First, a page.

During Enes Kanter’s career in the NBA he has dealt with a number of serious issues that can relate back to his Turkish roots. During his short time in the NBA he has dealt with restrictions on his travel outside the U.S., and Kanter has had little to no communication with family. Business endorsements and opportunities were soiled because of an ongoing feud with Turkish president Recep Tayyip Erdogan.
Although the NY Knick Center has gone through tremendous amounts of red tape, dating back to tough times in his home country, his ability to play in a NBA game was never inhibited until now.
Over the weekend, Kanter revealed to media members that he will not be making the trip with the Knicks to play in their international regular season game in London against the Bucks on January 17. His reasoning behind the decision comes from the fear of being assassinated by Turkish spies sent by Erdogan himself.
Kanter is currently deemed as a wanted fugitive in his home country of Turkey, receiving this status by simply speaking against President Erdogan’s brutal politics. In Turkey, Erdogan routinely uses a law referred to as “insulting the president,” to imprison and/or harass anyone critical of his government.
In 2017, his prosecutors demanded a four-year sentence for Kanter because of his perceived hostility to Ankara. As a result, Kanter had his passport revoked by Turkish government, and is now restricted from traveling to Europe at all.
“I talked to the front office and they said I’m not going because of that freaking lunatic, the Turkish president,” Kanter said. “There’s a chance that I can get killed out there. So that’s why I talked to the front office. I’m not going so I’m just going to stay here, just practice.”
"It’s pretty sad because it affects my career, my basketball. Because I want to be out there but just because of that one lunatic guy, that one maniac, I can’t go out there and do my job. It’s pretty sad” said Kanter.
Eventually, members of the media asked the NY Knicks center about the realistic chances of being assassinated in Europe. Kanter replied, “Oh yeah. Easy. They have a lot of spies there. I can be killed very easily.”
NY’s Turkish Consulate replied to Kanter’s claims, calling him a radical terrorist who was brainwashed by accused revolutionist Fethullah Gulen. The Turkish Consulate even went as far as accusing Gulen of attempting to manipulate the All-Star voting to help Kanter get a spot. The Turkish Government also labeled Kanter’s father’s political status as “membership in a terror group.”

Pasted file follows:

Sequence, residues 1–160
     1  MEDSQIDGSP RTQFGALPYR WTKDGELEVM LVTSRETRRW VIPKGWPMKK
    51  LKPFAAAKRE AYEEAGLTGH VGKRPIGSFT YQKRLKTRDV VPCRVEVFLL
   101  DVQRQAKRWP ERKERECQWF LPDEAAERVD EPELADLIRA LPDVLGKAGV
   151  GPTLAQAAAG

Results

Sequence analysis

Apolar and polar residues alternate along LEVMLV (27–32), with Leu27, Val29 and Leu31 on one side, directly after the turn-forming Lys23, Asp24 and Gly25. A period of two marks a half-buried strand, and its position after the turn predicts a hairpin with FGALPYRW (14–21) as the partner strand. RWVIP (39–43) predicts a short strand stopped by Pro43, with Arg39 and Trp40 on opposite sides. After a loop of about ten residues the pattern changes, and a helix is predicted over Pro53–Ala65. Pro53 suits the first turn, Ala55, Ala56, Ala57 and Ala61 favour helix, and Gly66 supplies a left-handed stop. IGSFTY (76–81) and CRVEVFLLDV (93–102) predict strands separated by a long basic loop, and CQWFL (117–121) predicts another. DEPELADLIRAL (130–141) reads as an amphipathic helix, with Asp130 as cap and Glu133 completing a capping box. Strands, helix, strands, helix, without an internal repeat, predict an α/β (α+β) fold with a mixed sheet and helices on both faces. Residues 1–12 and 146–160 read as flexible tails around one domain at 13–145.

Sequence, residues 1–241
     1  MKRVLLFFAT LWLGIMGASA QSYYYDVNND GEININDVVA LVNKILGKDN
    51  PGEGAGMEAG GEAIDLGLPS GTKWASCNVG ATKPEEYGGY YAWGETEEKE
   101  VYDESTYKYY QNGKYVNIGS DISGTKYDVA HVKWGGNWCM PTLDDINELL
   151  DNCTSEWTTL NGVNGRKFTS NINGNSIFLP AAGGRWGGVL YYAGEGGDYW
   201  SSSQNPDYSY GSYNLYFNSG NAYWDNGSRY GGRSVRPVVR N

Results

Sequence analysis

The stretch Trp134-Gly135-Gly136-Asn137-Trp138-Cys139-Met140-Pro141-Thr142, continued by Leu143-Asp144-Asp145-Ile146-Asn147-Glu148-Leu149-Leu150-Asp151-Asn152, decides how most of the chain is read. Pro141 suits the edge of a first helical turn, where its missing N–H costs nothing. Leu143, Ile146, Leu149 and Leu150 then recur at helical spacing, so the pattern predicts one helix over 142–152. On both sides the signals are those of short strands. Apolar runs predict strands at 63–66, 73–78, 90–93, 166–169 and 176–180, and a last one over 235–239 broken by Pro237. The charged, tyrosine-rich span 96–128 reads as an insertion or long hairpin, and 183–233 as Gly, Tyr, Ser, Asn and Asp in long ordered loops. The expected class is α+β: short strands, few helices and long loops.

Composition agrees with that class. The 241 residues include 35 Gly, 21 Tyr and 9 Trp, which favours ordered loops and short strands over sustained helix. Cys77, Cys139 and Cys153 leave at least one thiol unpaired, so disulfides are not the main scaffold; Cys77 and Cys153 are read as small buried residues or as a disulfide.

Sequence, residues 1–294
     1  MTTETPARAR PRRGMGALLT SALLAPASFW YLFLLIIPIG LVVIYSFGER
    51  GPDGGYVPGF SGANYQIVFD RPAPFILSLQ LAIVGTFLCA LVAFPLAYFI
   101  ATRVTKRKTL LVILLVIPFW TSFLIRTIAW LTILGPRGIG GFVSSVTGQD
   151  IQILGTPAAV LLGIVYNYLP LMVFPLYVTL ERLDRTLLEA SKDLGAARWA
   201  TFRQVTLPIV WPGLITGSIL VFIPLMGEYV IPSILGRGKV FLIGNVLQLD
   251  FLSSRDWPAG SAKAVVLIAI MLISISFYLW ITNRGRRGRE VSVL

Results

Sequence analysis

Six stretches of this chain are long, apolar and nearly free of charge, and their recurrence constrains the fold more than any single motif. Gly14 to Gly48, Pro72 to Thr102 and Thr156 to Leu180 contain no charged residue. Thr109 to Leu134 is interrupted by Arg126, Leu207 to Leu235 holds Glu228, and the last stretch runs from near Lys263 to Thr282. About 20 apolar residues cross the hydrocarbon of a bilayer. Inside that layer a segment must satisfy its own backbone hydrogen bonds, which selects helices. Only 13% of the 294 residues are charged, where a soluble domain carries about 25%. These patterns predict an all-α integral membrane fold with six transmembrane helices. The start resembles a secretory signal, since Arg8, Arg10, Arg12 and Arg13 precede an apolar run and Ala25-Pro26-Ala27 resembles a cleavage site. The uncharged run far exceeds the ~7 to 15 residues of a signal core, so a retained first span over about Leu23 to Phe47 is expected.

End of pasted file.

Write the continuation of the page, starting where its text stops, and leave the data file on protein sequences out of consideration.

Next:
Kanter is a supporter of the revolutionist Gulen, who was once an opponent, turned threat, in President Erdogans eyes. Gulen was eventually forced to flee Turkey, and has been living in exile in the U.S. since 1999. The Turkish government accused Gulen of orchestrating a failed coup attempt in Turkey in 2016, but denies any accusations or involvement with anything illegal.
“I’m not a criminal or a radical. I’m not ‘dangerous,’” Kanter wrote in a Time Magazine op-ed. “I’m a human being with opinions and beliefs that I have a right to express. Erdogan does not respect that right in me or anyone else, and is willing to crush anyone who criticizes him.”
Enes Kanter chooses to continue the fight against the brutal leaders of his home country.
Previously, he has called the Turkish president “the Hitler of our century” after being detained in a Romania airport back in 2017. The Turkish government then canceled his travel documents, which resulted in threats to extradite him back to Turkey, where he would’ve been imprisoned. At the time of his detainment, Kanter was visiting the country of Romania for his charitable foundation.
Enes was eventually released due to the hard work from the Department of Homeland Security, the State Department, the OKC Thunder, the NBA, and the players’ union. Since then, Enes Kanter has never left North America. Although the NY Knicks center’s passport was terminated by the Turkish government, Enes has made arrangements to travel outside the country with the Knicks, playing in Canada against the Raptors later this year.